Last Updated on July 29, 2020 by Jeremy
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During our trip to the Maldives, the first island we visited was very close to Male international airport. We chose this one for a number of reasons, with the two most important being it was just a 15-minute boat ride away (perfect after our 40+ hours of travel) and also because it is home to a Hilton hotel (where we paid on points).
This is the Hilton SAii Lagoon on the island chain we refer to as Crossroads (named for the marina on-site). While this island itself was a bit, well, odd, we did have a pretty good stay all around.
The King Sky Room at SAii Lagoon
The base rooms at the Hilton SAii Lagoon are in shared complexes that house about eight rooms in total- four on the first floor and four on the second. They are aptly named as Beach Rooms (first floor) and Sky Rooms (second floor) with the main difference being the first floor has a door that exits straight to the beach and the second floor has a balcony.
For what it is worth, the rooms here were fairly spacious and offered a number of good amenities that you'd come to expect from most Hilton chains. We had a great night's sleep and barely heard a peep out of any of our neighbors (although we questioned how many of the rooms were actually full as we did not see very many people in our unit).
To be honest, apart from cleaning up and sleeping we did not spend a whole lot of time in this room, so we're going to continue our review on some of the more important features found at the property.
Activities at the SAii Lagoon
Like many resorts, the Hilton SAii Lagoon offered an array of basic watersports for free plus snorkel rentals as well. From there, the property offers several premium watersports and tours and we tried a half-day snorkeling excursion at a nearby reef and sunset fishing.
Both of these activities were fairly disappointing.
The snorkeling was a letdown as the nearby reef is both dead and well over 20 feet underwater (my estimate). This made for a rather lackluster viewing experience overall with the only exciting spotting being a moray eel swimming in the open water. Likewise, the fishing tour was more of the local variety with a spool of line with a hook on it, dropped to the reef, tugging when you get a bite, and little instruction beyond that.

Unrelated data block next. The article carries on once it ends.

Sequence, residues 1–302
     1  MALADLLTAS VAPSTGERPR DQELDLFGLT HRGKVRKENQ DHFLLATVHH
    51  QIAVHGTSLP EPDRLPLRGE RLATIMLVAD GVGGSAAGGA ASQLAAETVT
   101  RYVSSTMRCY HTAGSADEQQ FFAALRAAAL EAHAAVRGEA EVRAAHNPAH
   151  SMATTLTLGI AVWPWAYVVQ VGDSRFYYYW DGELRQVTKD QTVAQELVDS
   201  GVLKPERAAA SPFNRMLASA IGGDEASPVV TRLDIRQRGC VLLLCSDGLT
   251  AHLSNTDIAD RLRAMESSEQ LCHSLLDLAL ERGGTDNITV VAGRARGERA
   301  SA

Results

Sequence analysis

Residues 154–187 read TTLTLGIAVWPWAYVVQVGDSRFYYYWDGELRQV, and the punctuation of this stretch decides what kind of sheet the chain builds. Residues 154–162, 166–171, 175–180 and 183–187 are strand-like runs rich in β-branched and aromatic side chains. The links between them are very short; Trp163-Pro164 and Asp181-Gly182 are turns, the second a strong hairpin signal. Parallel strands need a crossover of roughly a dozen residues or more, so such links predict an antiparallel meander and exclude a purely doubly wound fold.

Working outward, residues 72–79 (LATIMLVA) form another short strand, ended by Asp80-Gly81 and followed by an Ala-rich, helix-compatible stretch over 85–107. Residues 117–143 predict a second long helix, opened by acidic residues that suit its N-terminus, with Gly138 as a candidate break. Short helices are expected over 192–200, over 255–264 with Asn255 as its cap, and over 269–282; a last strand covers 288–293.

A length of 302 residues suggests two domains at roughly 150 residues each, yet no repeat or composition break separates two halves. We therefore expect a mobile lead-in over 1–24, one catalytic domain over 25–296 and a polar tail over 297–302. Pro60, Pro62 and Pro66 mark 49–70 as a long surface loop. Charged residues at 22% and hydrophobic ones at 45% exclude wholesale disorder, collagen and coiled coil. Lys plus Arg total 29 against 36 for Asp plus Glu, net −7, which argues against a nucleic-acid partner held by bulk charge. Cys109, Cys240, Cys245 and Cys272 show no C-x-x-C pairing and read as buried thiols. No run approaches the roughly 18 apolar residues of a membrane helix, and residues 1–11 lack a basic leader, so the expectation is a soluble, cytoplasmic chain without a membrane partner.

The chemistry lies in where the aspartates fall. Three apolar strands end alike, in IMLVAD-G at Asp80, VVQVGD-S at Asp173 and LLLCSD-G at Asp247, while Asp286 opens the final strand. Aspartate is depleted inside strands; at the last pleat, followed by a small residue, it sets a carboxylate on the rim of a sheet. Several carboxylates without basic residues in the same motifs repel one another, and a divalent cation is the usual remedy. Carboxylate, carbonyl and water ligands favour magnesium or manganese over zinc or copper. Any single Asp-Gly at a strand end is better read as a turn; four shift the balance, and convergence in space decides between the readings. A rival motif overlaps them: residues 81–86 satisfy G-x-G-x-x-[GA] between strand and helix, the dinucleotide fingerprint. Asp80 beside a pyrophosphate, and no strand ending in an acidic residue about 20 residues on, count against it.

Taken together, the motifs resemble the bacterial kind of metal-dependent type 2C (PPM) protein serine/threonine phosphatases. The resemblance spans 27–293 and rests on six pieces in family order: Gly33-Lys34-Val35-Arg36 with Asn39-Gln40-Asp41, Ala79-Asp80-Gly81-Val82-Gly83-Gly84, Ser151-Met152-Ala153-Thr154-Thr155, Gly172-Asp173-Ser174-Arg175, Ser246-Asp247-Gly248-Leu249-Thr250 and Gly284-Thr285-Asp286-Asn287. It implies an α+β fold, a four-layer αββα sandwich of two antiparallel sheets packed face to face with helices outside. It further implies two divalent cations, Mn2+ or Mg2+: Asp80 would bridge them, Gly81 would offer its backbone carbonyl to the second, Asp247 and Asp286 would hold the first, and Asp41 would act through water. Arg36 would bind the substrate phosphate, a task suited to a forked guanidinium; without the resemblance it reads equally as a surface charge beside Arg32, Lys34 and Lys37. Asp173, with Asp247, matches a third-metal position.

For the fishing, if you caught an edible one a restaurant could prep it for you (~$15) but the fish everyone caught were mostly small- and the one I caught was an inedible variety. At least the sunset was nice on the trip and it was a fun experience to do all the same.
Overall, I don't know if I could recommend either of these two excursions as the price far outweighed the value I thought we received. For those who are visiting this one, many of the highlights were of the property itself including the gorgeous beaches, free kayak and snorkel rentals, and the like.
Restaurants at SAii Lagoon
During our stay at the SAii Lagoon, we were able to eat at three on-site restaurants for dinner- Mr. Tomyam at the SAii Lagoon (Thai/Italian fusion), Sessions at the Hard Rock (seafood), and Kebab & Kurry at Crossroads Marina (Indian).
In general, we found all of the restaurants here to be quite good. In fact, some of the dishes we had at each could be considered exceptional. But what really struck us off guard here was that the menus were not standardized well for pricing, sizing, or any conventional appetizer vs. entree distinction like you'd expect.
At Mr. Tomyam, for example, pasta dishes were available in small and large portions, where a large seafood ravioli came with just about five dumplings for $50 and a small shrimp risotto had three or for shrimp for $24 (but an ample amount of risotto). Kebab & Kurry offered a five-count shrimp dish for $30 (which we later learned was an unbranded appetizer) offset by a monster curry as an entree for a similar price.
Our favorite meal was at Sessions, which was much more appropriately priced and had an array of seafood with Maldivian recipes thrown in the mix, but was also a plated dining experience at the family-friendly buffet which was, to put it mildly, odd.